Most toilets owned by wealthy Egyptians had seats made of limestone. Those who could not afford such luxuries often used a pit they dug outside as a toilet. However, although people used the river’s water for drinking, bathing and washing their clothes, many people also used the rivers for bathing. Because the ancient Egyptians did not have a sewer system, waste and other rubbish would often end up in pits, open fields or canals, contaminating the river and the fields where people grew their food. Despite the Egyptians’ clean-up efforts, diseases, parasites, and insects from unsanitary conditions killed many people each year.

They used cosmetics for health and aesthetic purposes.

Cosmetics were used by both men and women in ancient Egypt, as they provided other benefits besides beauty. People applied eye shadow, mascara, and eyeliner after smoothing their skin with honey or aloe oil and face masks. Eyeliner was not popular in Egypt at the time, just as an expression of beauty. Sociable people used eyeliner to protect their eyes from the sun’s rays and to repel flies. To make these cosmetic products, people would pulverize natural elements such as malachite and galena, mix them with oil to form a cream, and then store them in containers.

They used laxatives and enemas to clear their bowels.


As evident from their elaborate mummification processes, the ancient Egyptians were trying to learn a lot about human health. Many physicians in ancient Egypt also functioned as priests and often associated illness with offending the gods. However, doctors who also practiced medicine recommended the use of laxatives to help clear the bowels. Laxatives, administered by many Egyptians three days a month, were believed to help rid the body of disease. The Egyptians also used enemas to cleanse their bowels.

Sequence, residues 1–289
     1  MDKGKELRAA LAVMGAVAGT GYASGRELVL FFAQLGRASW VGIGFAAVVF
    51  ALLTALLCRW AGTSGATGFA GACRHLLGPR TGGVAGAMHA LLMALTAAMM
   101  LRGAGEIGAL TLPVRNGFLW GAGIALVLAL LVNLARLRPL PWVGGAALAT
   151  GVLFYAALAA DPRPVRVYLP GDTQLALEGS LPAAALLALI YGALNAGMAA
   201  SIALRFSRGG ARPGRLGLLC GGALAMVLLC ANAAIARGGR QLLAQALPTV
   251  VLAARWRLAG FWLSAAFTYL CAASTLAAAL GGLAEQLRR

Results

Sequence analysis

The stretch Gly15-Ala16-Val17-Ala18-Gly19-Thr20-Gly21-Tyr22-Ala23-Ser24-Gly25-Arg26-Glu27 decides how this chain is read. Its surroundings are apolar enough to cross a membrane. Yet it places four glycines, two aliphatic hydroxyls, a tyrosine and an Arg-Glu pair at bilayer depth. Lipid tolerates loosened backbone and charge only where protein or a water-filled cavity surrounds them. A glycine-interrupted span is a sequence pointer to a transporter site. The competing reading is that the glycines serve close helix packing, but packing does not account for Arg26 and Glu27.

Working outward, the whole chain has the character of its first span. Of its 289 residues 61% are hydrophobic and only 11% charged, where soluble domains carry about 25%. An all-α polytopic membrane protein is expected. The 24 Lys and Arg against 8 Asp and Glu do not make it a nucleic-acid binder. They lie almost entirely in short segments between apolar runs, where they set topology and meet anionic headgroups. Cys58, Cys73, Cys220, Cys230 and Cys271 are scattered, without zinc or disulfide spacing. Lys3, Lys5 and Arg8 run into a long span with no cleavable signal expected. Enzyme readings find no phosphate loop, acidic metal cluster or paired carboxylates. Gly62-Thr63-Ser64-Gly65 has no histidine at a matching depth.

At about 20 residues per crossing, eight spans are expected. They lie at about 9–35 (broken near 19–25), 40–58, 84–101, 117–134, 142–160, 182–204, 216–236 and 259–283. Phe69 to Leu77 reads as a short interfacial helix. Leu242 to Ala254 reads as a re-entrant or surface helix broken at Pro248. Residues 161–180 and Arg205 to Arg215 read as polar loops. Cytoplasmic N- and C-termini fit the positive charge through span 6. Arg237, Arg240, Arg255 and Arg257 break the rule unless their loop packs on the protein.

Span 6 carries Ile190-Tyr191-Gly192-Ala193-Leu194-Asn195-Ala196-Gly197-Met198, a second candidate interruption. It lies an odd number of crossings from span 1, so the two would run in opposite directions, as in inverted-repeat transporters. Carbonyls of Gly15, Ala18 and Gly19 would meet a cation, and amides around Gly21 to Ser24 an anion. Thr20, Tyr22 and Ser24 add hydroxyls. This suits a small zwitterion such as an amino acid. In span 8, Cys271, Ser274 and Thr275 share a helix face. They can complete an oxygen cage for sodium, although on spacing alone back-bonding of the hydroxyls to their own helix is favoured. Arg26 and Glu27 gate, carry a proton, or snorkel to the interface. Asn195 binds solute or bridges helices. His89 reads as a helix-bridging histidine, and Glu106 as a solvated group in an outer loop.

The methods the ancient Egyptians used to shower depended on their social class.


Egyptians usually showered every day; but the methods they used to do this depended on their social class. Rich Egyptians had places to wash inside their homes. They had basins or jugs filled with water carried by their servants from the Nile. Some upper-class homes had foot baths made of wood, stone, or ceramic, which were used to clean feet, since most people did not wear shoes. The Egyptians used a natural substance called natron as soap and applied moisturizing creams after bathing to keep their skin soft. Members of the lower classes, which included most of Egyptian society, bathed in the river.

They produced perfumes from various materials

Ancient Egypt

Ancient Egyptian people valued fragrance and they made various perfumes for it. People created different kinds of scents by mixing fragrant spices and herbs such as cardamom, mint, and juniper with oil. A perfume called Kyphi was adopted as a sign of wealth, becoming the most valuable and expensive of ancient Egyptian perfumes. The Egyptians also turned scented materials into incense cones, which they burned for themselves and their gods.

They used the Nile River to wash their clothes

Ancient Egypt